|Japanese Blood Type Personality Chart|
|Best Traits:||Earnest, creative, sensible.|
|Worst Traits:||Fastidious, overearnest.|
|Best Traits:||Wild, a doer, cheerful.|
|Worst Traits:||Selfish, irresponsible.|
|Best Traits:||Cool, controlled, rational.|
|Worst Traits:||Critical, indecisive.|
|Best Traits:||Agreeable, sociable, an optimist|
|Worst Traits:||Vain, careless.|
There is a popular belief in Japan that a person's ABO blood type or is predictive of their personality, temperament, and compatibility with others, similar to the Western world's astrology. This belief has carried over to some extent in other parts of East Asia such as South Korea.
Ultimately deriving from ideas of historical scientific racism, the popular belief originates with publications by Masahiko Nomi in the 1970s. The scientific community dismisses such beliefs as superstition or pseudoscience.
The theory first reached Japan in 1927 in Takeji Furukawa's paper "The Study of Temperament Through Blood Type" in the scholarly journal Psychological Research. He was a professor at Tokyo Women's Teacher's School. The idea quickly took off with the Japanese public despite his lack of credentials, and the militarist government of the time commissioned a study aimed at breeding the soldiers. The study used no more than ten to twenty people for the investigation. The breeding program therefore ended up with miserable results - most of the army selected by the project lost their lives. In another study, Furukawa compared the distribution of blood types among two different ethnic groups, the Formosans in Taiwan and the Ainu who live in Northeast Asia, especially Hokkaidō. His motivation for the study appears to have derived from a political incident. After the Japanese occupation of Taiwan following Japan's victory over China in 1895, the inhabitants tenaciously resisted their occupiers. Insurgencies in 1930 and in 1931 killed hundreds of Japanese settlers. The purpose of Furukawa's studies was to "penetrate the essence of the racial traits of the Taiwanese, who recently revolted and behaved so cruelly". Based on the finding that 41.2% of a Taiwanese sample had type O blood, he assumed that their rebelliousness was genetically determined. The reasoning was supported by the fact that among the Ainu, whose temperament was characterized as submissive, only 23.8% had type O. In conclusion, Furukawa suggested that the Taiwanese should intermarry more with the Japanese in order to reduce the number of individuals with type O blood.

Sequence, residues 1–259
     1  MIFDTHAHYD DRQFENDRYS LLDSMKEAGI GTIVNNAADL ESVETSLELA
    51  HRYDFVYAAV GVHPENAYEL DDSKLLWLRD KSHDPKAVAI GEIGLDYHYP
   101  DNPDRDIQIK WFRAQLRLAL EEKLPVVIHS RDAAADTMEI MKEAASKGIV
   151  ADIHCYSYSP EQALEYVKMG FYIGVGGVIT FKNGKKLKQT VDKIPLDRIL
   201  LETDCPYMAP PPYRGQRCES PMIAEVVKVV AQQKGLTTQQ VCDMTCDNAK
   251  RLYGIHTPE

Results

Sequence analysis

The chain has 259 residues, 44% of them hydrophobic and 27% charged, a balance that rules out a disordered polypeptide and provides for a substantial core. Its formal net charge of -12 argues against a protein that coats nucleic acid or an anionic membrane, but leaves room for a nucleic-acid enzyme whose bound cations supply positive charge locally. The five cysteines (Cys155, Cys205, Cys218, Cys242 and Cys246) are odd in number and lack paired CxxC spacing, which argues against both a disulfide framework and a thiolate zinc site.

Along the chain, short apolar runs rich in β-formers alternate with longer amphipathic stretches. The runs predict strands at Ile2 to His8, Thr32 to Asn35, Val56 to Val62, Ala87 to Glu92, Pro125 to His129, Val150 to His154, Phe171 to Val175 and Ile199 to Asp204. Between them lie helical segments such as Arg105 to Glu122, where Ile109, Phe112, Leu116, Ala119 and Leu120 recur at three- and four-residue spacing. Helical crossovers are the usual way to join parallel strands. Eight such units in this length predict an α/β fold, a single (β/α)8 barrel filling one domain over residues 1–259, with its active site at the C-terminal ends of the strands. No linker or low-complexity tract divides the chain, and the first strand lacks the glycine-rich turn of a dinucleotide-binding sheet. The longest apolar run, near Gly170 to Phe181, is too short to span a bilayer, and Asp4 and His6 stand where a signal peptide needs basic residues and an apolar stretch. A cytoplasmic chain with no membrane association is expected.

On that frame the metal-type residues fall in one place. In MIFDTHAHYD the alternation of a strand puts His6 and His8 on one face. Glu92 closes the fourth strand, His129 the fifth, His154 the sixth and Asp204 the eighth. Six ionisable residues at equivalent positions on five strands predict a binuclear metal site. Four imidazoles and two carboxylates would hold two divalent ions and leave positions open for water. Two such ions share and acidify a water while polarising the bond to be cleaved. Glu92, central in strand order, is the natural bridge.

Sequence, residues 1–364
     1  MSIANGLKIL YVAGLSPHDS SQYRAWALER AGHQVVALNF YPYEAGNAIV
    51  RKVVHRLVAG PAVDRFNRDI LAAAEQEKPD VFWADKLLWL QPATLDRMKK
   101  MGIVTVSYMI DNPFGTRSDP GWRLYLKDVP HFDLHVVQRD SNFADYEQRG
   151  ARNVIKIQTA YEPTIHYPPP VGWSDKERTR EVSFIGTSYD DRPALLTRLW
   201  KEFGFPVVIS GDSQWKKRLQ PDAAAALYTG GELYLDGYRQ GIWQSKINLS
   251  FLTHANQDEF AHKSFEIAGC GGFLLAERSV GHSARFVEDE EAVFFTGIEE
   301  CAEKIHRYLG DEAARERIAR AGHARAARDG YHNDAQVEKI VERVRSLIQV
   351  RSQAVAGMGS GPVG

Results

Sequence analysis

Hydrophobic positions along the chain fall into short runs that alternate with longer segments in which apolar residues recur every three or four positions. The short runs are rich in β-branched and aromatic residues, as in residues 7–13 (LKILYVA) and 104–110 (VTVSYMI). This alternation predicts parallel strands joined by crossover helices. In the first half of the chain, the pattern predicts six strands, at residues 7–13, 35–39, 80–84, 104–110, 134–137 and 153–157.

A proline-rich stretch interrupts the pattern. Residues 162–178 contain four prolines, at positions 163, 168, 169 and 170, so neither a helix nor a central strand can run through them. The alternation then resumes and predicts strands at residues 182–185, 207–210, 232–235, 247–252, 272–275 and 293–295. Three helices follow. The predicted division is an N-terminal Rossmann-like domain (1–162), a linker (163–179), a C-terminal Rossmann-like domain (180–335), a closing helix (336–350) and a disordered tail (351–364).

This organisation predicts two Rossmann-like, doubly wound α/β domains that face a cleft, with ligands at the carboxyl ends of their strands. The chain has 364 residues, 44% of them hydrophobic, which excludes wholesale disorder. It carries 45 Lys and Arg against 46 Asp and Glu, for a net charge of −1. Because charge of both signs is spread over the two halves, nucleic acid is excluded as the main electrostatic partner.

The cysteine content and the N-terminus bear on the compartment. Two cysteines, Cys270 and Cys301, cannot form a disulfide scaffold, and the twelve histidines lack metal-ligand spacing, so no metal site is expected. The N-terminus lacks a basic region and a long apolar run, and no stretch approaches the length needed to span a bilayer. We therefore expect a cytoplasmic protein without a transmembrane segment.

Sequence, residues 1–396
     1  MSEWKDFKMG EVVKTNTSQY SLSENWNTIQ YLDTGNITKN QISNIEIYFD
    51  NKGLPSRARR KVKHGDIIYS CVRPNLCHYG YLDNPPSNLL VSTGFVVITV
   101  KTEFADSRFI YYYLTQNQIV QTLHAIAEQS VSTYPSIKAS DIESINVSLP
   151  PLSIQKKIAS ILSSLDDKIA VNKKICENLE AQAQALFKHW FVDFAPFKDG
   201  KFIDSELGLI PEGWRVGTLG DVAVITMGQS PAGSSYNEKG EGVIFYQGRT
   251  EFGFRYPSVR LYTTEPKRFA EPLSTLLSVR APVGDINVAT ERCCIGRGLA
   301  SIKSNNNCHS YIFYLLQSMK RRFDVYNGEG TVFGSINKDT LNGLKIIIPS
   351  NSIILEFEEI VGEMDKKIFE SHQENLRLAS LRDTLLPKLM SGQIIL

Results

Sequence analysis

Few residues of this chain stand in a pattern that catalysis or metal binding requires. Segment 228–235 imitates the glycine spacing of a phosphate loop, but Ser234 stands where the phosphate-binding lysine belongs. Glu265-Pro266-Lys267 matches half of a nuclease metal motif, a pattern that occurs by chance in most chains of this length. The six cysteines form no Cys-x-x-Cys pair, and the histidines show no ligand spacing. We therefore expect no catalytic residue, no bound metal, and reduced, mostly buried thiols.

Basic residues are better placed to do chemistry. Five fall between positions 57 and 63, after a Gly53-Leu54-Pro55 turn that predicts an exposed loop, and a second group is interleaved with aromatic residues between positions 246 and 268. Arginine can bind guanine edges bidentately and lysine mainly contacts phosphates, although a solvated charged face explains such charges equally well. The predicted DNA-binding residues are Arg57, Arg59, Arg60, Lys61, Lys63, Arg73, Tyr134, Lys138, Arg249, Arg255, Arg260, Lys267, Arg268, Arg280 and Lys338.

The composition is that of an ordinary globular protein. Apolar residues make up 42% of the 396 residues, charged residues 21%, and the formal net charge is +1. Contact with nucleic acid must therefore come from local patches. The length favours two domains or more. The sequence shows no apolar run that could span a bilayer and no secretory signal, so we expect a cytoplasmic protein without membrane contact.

The craze faded in the 1930s as its unscientific basis became evident. It was revived in the 1970s with a book by Masahiko Nomi, a lawyer and broadcaster with no medical background. Nomi's work was largely uncontrolled and anecdotal, and the methodology of his conclusions is unclear. Because of this he has been heavily assailed by the Japanese psychological community, although his books are phenomenally popular.
It is common among anime and manga authors to mention their character's blood types, and to give their characters corresponding blood types to match their personalities. Some video game characters also have known blood types, such as in the Street Fighter series, the Soul series, the Final Fantasy series, the Resident Evil series, and the Dead or Alive series, which lists character blood types in both the manual and in-game bios. In addition, it is common for videogame series, such as Gungriffon, Tekken, Animal Crossing, Metal Gear Solid 2 and Princess Maker to allow for blood type as an option in their creation modes. .
For a hilarious example in Korean pop culture, see Episode 9 of My Name Is Kim Sam Soon (the US English-subtitled version is called My Lovely Sam Soon). Watch Sam Soon analyze how love interest Jin Heon will deal with the dilemma of being stuck in the men's bathroom without toilet paper, based on what his blood type might be. Just how it was that Jin Heon managed to escape the uncomfortable situation remains a tantalizing mystery until Episode 13.
Laura Miller, People Types: Personality Classification in Japanese Women's Magazines, The Journal of Popular Culture, Vol. 11, No. 2, Fall 1977, pp. 436-452.